When wingnuts play at it, someone (else) is liable to get hurt
|Jun 7||Public post|| 43||24|
Conservatives have been yelling at each other about what real conservatism is, again. The kickoff this time was Sohrab Ahmari, pro-Trump editorial page director of the New York Post, accusing National Review’s JustTheTip Trumper David French of being too classical-liberal-conservative when what’s actually needed to fix this sick country is the reactionary curb-stomping of liberals — I’m not even going to try and explain it because like all these rightwing ideological flashpoints (such as the elevation of Tucker Carlson to philosopher-pundit some months back) it's too ridiculous to take seriously, scholasticism for the stupid — how many Buckleys can dance on the head of a pin.
A bunch of the yak has been about “culture,” which conservatives only understand as the subject of a “culture war,” and the never-ending complaint that liberals get all the culture just because people would rather watch movies and shows and read stories than listen to rageaholic editorial writers snarl at everything and it’s not fair. (This did relieve some of the tedium of the debate, however, when an Ahmari ally, the buffoon Matthew Schmitz, got shirty with French for acting all high and mighty about Trump when French, hypocrite that he is, “proudly watches an explicit TV series, Game of Thrones.” Gasp! I saw Goody French with the remote!)
This seems to have inspired, or rather infected, National Review’s Jim Geraghty — another buffoon, but generally at least a more down-to-earth sort than these guys. “Loneliness in America Is Caused by Our Broken Culture,” his musing is headlined. It actually starts somewhat sensibly — “what would qualify as ‘actual culture wins’” from Ahmari’s point of view, he wonders; “The release of more movies the writer liked, or higher box-office revenues? Fewer movies or television shows he didn’t like?”
Alas, then comes the inevitable turnaround: “But just because the terms of the lament about cultural defeat were frustratingly vague, it doesn’t mean I don’t sometimes share the sentiment.” Let’s all play culture-war army mens! Geraghty goes on about the “cultural power of celebrities” and how awful it is because celebrities are fucked up with “all kinds of obsessions and disorders and frequently going under the knife to preserve their youthful looks,” plus they’re on drugs (“addictions flourish and are almost endlessly enabled”). Then Geraghty gets onto the bullshit about that Dutch girl who committed suicide in Holland that all the wingnuts pretended was “euthanasia”…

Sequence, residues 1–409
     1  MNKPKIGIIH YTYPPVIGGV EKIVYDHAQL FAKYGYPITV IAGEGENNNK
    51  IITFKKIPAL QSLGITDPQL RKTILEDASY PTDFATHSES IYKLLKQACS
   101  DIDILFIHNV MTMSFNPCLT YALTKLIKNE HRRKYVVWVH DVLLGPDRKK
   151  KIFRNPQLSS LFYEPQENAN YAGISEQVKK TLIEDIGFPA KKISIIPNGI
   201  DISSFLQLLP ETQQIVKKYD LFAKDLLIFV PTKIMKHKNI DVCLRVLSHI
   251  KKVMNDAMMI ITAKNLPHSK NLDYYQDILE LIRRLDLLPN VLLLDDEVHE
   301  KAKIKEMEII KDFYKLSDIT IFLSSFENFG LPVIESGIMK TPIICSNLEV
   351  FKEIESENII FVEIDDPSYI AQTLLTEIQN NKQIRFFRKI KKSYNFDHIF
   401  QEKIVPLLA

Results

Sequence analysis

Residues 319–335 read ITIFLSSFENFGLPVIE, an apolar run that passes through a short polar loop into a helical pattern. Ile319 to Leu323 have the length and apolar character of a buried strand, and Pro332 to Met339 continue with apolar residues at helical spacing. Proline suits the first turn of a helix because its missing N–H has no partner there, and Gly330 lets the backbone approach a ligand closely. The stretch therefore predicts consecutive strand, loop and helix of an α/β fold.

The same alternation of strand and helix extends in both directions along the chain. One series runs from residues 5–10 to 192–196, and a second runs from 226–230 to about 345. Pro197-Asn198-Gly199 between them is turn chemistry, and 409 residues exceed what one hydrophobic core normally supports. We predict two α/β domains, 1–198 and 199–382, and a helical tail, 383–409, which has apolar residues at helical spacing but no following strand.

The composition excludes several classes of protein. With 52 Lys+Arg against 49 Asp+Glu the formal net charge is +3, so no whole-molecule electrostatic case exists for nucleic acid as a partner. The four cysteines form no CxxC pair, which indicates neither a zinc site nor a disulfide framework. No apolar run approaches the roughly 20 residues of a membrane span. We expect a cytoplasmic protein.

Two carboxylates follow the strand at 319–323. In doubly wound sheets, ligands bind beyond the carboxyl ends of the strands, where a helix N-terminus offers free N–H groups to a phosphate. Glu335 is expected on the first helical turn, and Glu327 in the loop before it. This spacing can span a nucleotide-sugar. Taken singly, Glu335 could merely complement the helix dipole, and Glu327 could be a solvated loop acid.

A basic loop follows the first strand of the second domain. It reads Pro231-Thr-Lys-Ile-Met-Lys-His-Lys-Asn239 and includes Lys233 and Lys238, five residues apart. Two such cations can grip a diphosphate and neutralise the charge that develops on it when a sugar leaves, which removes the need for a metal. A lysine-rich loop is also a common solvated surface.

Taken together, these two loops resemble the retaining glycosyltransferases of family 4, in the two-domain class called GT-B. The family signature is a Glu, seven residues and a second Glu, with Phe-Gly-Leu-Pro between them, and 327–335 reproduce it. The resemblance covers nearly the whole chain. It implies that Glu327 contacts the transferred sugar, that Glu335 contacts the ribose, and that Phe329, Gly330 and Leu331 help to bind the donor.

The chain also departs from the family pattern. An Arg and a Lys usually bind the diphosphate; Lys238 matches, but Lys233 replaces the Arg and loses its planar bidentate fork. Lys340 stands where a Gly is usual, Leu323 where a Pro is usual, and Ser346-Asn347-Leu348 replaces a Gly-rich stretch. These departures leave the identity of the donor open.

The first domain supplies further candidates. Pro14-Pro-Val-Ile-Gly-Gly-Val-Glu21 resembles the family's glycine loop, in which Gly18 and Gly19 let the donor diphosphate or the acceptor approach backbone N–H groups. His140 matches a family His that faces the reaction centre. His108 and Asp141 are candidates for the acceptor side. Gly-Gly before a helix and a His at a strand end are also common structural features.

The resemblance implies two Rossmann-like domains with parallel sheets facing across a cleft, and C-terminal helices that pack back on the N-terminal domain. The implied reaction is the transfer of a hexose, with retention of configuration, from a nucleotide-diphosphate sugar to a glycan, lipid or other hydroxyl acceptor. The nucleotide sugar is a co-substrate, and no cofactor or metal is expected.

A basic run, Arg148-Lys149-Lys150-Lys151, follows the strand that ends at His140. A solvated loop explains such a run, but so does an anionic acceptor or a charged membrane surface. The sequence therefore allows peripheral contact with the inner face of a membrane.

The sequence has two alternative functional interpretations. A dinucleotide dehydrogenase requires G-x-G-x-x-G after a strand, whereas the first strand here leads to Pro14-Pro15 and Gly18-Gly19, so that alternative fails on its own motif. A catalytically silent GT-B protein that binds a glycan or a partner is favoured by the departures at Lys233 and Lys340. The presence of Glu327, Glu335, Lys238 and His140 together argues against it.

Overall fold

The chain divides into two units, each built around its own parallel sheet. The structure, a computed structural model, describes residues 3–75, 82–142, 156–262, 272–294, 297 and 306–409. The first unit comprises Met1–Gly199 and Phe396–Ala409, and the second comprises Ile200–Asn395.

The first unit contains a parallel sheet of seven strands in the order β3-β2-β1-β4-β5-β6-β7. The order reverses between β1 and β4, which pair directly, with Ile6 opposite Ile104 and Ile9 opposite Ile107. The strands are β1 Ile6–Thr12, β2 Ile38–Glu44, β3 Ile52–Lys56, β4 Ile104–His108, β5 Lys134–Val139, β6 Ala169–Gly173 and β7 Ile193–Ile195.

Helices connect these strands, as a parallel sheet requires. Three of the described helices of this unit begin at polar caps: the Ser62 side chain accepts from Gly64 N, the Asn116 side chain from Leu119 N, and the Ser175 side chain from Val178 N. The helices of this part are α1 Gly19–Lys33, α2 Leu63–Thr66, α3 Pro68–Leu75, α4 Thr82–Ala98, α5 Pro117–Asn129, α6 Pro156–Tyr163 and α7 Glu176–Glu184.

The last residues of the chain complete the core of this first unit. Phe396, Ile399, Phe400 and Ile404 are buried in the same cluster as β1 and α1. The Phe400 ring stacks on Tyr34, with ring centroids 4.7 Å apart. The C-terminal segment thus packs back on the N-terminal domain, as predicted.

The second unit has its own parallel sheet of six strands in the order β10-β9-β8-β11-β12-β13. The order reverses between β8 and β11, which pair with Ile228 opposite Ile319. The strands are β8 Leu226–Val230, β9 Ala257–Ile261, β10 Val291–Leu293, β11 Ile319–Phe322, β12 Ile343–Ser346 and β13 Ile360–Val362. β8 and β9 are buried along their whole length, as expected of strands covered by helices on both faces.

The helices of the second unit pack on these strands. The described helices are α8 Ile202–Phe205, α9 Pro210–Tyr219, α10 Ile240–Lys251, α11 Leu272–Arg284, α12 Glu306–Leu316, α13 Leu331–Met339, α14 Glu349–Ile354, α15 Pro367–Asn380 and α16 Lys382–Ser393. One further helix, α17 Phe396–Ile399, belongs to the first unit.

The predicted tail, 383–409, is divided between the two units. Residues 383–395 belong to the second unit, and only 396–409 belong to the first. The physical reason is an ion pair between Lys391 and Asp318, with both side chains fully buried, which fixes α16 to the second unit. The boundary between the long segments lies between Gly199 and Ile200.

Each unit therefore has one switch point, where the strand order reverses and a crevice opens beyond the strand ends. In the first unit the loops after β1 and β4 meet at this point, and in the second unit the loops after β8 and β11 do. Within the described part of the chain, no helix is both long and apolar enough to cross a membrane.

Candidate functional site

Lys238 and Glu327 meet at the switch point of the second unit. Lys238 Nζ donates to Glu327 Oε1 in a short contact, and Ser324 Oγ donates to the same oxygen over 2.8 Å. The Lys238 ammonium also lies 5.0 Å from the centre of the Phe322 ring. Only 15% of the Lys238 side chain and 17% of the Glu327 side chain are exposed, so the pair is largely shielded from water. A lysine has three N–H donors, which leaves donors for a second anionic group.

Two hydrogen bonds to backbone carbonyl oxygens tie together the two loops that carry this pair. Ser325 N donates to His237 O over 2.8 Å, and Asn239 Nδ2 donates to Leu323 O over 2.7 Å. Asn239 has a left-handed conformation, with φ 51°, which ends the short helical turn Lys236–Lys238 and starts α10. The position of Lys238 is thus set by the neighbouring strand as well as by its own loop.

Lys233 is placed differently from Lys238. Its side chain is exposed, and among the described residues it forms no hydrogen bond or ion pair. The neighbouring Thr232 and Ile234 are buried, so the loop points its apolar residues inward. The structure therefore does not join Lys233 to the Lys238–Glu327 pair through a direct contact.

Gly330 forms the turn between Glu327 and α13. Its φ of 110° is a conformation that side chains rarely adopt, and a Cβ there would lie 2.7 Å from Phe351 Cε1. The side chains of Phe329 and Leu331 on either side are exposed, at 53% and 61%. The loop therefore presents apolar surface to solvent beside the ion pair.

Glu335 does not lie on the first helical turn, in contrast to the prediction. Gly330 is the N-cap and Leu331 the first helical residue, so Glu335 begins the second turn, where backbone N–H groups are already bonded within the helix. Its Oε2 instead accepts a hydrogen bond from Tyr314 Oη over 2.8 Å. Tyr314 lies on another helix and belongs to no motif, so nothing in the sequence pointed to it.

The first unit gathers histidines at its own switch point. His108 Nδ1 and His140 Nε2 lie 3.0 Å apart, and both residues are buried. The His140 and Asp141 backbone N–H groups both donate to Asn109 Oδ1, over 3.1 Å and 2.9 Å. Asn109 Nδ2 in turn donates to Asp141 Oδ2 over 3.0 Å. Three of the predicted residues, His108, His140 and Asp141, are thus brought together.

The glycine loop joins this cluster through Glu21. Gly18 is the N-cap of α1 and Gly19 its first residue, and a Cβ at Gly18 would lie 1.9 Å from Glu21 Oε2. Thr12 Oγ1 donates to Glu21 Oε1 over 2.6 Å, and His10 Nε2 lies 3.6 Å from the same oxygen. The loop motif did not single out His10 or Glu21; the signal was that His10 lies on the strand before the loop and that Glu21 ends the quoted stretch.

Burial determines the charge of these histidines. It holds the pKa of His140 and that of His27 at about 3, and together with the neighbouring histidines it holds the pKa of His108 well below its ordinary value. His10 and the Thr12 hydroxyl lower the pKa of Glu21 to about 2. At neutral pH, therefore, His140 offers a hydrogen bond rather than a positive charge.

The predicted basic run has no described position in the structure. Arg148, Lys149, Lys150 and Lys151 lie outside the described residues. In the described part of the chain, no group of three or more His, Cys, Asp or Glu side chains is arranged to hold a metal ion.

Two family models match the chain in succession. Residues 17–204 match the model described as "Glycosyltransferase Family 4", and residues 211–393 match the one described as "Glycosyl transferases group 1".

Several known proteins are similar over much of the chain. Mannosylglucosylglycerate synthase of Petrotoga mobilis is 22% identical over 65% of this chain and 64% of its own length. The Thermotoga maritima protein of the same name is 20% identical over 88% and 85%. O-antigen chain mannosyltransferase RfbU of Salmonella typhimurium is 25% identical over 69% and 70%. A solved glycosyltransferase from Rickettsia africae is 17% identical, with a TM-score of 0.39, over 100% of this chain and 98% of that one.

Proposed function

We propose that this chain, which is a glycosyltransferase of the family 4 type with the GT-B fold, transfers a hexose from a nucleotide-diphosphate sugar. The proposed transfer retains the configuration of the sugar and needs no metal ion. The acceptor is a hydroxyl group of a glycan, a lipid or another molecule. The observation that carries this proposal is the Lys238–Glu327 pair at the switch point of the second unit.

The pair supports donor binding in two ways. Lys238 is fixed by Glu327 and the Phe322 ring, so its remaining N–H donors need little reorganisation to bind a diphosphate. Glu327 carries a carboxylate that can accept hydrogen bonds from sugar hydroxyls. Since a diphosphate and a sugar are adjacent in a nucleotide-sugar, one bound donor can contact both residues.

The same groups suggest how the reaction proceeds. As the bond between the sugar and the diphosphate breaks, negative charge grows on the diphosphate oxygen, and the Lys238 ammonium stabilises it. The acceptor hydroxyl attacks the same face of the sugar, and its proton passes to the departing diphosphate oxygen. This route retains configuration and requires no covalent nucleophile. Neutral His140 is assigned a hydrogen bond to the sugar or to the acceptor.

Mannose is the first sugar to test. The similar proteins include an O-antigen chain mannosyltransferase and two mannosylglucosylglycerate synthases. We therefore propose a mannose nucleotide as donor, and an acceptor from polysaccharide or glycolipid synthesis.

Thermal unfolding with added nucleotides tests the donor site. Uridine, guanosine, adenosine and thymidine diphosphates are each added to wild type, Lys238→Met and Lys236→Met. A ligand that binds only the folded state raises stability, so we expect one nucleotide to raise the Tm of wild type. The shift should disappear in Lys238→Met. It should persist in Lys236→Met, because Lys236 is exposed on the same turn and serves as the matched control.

It’s all stupid but there’s an interesting part, after Geraghty gets into the “lonely crowd” section of the performance where he notes our allegedly atomized and alienated existence (Hillbillies taking drugs? Unlike when it’s black people, this is everyone’s problem!) and attributes it to The Breakdown of The Family, and then slides toward a solution:
Are we likely to fix this by changing laws? It’s unlikely that many Americans would want to dramatically change divorce laws, although we may prefer to encourage counseling and trial separations attempted before finalizing the legal dissolution of a marriage.
This rang a bell, and then I remembered: Covenant marriage. This was the rage among the godly back in the late 90s, when evangelism was more on the George W. Bush compassionate-conservative model than the Franklin Graham Trump Stooge model. During the mania Arizona, Arkansas, and Louisiana all passed laws that allowed couples to opt for a sort of marriage-plus on their license whereby it would be made super-hard for them to get divorced — you know, like in the old days, when everyone mated miserably for life. The federal Administration for Children and Families’ Office of Family Assistance still pushes covenant marriage as an option via organizations like the National Healthy Marriage Resource Center, which publishes a “fact sheet” on it.
Covenant marriages never took off, and at least one such marriage was legally 86ed when the disgruntled spouse took off to a state where they didn’t have covenant marriage and a court said he could get divorced according to their own laws. But now that we’re in Trump time, where theocrats are slavering at the prospect of banning abortion and even contraception, maybe the brethren will bring it back — and try this time to make it mandatory rather than optional. After all, it’s for society! It’ll bring us together, by force if necessary!
It would be part of a strong strain of conservatism, now getting stronger, that wants to wreck our social protections, not just so their corporate donors can get the money, but also and perhaps mainly because it will render us impoverished and helpless and thus recreate the feudal order that they think was the real intention of the Founding Fathers.
Good weekend, guys, see you Monday.